First off, I'm a electrical noob. With that being said, I'm sure you all will tell me not to do this job. I want to add some additional plugs in my garage. Whoever wired it, 60 years ago, only allotted for 2 wall plugs. What a cheap ass.
Don't be such a democrat. It's only electricity.
I want to add a couple extra 110 plugs and more importantly a 220. I'm toying with getting a entry stick machine. I've done some welding, but not on high stress parts. I did pipe fence building, so the most it would have is a large cow leaning against it.
Before I cut, orange peeled and welded about 1000' feet of pipe fence, I did not know how to stick weld either.
I have a sub-panel in the garage that came from the main panel in the house. From what I can tell it does have 220 running to it. I'll grab a few pictures tomorrow.
Let us know what kind of line feeds the panel and what the panel is rated for.
The main breaker up top (or breaker feeding the panel) will give you a clue as to what is feeding the panel. The panel door will let you know what the panel supports.
While you work on that, you can start reading about voltage drop and look up your conductor size requirements for your runs to outlets. I use this
I've added electrical to many a garage and these are the things I've learned:
- Run 20 amp circuits + receptacles instead of 15 amps.
- Try and run multiple circuits to alternating receptacles so if you trip one, you don't lose power to all receptacles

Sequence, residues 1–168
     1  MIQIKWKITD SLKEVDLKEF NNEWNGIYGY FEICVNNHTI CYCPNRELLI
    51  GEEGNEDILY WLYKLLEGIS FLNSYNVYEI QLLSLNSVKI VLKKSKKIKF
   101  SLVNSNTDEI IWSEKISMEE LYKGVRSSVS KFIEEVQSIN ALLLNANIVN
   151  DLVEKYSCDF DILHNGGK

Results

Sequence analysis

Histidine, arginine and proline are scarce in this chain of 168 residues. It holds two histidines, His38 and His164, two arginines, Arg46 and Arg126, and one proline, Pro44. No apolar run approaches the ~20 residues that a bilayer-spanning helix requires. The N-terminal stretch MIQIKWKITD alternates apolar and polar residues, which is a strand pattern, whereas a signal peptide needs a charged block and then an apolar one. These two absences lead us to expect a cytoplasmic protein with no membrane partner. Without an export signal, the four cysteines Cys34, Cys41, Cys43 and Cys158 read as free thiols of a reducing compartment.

- Place receptacles 50" from the floor so you can lean a 4x8 on the wall and still plug stuff in
- Run receptacles every 18-24" (whatever your stud spacing allows) down the wall
- Run one receptacle 24" from the ceiling on each wall (these come in handy for neon signs or electric clocks).
- Wrestling with Romex larger than #10 is a bitch - try THHN in a conduit for luxurious smooth sliding.
- Run the largest 240v circuit as you can that way you can run a real air compressor or a welder.
- Take the time to secure your wire so it can pass a "pull test".
- Use nail plates to protect studs that have wire passing thru.
- Use the pigtail wiring method for wiring receptacles - see attached.
- Use screw terminals, not push terminals. They will only break your heart.
- When you run your 240v receptacle for your welder, you will most likely be using the old style 3 prong connector that only runs 2x hot and 1x ground. I've seen a lot of installs where the neutral in 6/3 is used as the ground, which is what I've always done. The correct way is to use the bare ground, unless you are dealing with larger conductors for voltage drop (another discussion and 50 post revisions). Basically, if you keep your run of 6/3 under 80 feet, you are fine.
I've updated this post a bunch of times and fixed the welder receptacle diagram.